Marijuana News

New York to legalize: What you need to know about their proposal

New York to legalize: What you need to know about their proposal


New York is likely to become the next state to legalize marijuana for recreational use after state lawmakers reached a deal last week that would expand the current medical cannabis system to include a licensing and taxing system for recreational sales. The effort has been on the Democrat’s agenda in the state for a while now, but it has taken some time for lawmakers to come to an agreement on how recreational marijuana should be legalized. 

The bill passed Tuesday, making New York the 15th state to end the prohibition on cannabis. Gov. Cuomo is expected to sign without hesitation, and has already estimated that recreational sales could bring in more than $350 million annually. Senate sponsor of the bill, Sen. Liz Krueger, hopes that the newly adopted legislation will end the racial disparity caused by the failing War on Drugs. 

Adults 21 and older will be permitted to purchase marijuana for recreational use under the new bill. Individuals would be limited to growing six plants--three mature and three immature--for personal use. Local governments would have the option to opt out of retail sales.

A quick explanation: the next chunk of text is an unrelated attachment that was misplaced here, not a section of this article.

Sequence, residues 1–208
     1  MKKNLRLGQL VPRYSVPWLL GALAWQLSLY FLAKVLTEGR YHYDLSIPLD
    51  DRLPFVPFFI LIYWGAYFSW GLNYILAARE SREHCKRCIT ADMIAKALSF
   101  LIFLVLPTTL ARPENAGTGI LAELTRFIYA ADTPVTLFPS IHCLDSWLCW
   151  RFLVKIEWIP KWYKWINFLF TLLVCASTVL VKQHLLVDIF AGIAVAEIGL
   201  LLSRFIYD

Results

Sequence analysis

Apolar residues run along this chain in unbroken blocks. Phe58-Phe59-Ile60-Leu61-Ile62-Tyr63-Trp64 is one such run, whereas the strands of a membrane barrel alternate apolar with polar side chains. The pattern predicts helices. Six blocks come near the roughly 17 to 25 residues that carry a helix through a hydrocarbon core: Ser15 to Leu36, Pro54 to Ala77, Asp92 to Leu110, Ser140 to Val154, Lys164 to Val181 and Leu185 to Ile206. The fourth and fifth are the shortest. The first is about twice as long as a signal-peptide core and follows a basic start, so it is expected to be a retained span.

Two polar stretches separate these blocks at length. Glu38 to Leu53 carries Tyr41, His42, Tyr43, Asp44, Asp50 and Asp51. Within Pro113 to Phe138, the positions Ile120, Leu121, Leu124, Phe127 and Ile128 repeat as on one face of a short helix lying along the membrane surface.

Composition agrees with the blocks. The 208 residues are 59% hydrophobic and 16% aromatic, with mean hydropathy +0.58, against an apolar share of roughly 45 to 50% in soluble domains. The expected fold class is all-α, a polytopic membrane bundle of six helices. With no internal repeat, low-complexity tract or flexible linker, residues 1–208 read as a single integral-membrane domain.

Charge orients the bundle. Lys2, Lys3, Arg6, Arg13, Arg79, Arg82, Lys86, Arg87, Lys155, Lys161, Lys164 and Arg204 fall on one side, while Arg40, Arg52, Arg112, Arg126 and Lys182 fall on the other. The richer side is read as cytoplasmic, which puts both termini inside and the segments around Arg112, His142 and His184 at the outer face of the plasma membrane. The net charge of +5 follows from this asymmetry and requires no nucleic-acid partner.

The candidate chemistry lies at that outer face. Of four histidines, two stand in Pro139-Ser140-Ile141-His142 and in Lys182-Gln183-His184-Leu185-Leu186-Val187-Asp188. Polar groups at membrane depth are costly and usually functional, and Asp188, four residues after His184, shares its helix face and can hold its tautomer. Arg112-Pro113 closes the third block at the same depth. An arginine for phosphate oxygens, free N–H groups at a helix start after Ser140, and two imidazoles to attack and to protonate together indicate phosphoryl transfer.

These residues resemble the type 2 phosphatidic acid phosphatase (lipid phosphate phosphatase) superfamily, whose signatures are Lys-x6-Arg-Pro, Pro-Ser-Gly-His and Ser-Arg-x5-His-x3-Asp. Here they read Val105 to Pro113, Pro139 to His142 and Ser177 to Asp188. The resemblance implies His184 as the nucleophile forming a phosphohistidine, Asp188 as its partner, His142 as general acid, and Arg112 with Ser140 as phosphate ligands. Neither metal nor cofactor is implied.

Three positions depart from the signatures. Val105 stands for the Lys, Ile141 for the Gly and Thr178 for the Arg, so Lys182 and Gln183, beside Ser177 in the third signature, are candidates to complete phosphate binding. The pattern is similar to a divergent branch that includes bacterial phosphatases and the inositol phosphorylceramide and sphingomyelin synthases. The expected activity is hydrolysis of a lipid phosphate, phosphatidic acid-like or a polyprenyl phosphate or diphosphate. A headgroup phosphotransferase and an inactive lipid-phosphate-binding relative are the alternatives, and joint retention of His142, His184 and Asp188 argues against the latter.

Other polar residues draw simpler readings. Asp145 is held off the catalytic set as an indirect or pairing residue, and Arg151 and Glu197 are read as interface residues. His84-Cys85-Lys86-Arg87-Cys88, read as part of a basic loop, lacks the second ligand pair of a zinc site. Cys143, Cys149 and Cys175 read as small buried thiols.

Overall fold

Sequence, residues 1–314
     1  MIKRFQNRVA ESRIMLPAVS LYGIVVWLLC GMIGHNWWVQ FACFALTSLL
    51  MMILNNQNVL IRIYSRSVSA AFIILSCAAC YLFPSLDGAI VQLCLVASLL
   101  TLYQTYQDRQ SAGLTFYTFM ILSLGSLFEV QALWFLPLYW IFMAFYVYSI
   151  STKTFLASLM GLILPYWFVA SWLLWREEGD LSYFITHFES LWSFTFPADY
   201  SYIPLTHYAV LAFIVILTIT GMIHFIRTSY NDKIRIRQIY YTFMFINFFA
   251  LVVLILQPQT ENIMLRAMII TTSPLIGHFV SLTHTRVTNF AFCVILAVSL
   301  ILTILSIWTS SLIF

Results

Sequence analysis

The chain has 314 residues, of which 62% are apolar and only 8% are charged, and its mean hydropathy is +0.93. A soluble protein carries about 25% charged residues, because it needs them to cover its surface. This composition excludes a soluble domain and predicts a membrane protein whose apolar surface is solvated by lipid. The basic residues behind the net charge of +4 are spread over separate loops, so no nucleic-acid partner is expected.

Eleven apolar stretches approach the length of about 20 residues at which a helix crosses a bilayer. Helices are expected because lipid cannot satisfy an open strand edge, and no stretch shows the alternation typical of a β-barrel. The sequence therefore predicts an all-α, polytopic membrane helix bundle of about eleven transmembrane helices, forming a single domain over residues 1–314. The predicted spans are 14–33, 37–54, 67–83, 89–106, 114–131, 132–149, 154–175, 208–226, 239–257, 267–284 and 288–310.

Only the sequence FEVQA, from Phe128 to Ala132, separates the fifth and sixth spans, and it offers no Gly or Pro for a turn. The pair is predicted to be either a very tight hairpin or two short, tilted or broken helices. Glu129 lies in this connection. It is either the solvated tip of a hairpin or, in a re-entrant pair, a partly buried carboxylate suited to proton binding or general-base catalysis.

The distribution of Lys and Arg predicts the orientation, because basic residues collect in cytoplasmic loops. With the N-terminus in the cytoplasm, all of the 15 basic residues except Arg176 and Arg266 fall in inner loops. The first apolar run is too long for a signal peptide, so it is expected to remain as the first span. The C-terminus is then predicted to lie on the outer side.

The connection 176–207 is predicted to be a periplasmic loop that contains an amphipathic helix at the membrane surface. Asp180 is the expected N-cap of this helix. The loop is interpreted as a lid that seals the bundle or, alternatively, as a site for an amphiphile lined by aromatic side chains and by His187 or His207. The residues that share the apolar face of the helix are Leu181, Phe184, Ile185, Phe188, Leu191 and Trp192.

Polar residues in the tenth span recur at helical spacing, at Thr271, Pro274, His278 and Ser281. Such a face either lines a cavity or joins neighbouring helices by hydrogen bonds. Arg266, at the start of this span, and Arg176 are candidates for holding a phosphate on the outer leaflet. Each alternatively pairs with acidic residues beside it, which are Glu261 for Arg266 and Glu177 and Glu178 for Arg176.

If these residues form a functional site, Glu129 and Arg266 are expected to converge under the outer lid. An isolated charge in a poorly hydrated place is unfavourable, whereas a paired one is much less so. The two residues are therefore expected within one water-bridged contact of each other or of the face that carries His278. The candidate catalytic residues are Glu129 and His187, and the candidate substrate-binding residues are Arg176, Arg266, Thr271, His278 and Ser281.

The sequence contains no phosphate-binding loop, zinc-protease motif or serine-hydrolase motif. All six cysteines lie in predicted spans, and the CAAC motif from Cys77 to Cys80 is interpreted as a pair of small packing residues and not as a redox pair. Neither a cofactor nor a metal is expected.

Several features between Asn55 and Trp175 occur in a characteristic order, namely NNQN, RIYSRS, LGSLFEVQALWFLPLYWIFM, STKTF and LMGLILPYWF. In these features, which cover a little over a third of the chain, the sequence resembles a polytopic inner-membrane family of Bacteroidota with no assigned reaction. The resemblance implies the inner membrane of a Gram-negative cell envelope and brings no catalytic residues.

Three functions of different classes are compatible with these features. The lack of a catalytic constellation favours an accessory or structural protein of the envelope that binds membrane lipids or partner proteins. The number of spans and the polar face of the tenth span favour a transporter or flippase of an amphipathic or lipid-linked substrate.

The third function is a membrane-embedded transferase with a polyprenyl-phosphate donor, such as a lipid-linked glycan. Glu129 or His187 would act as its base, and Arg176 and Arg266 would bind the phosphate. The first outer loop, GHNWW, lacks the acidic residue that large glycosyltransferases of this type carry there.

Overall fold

Sales, however, would not begin until the state sets up rules and a cannabis board, which is anticipated to take anywhere between 18 months to two years, though the legislation would technically go into effect immediately. A 9% sales tax would be placed on recreational sales, with an additional 4% tax that would be split between the county and local governments.  (That's a lot of additional green paper...daum!)  Anyways, let's see how many marijuana dispensaries and marijuana delivery companies around the state.

The giant leap forward would also eliminate possession charges for people charged with less than three ounces of cannabis, and expunge all marijuana-related offenses that would no longer be considered illegal under the new bill. Thousands of jobs are anticipated to be created by legalization, and many underprivileged communities will have the opportunity to participate in the billion-dollar industry. 


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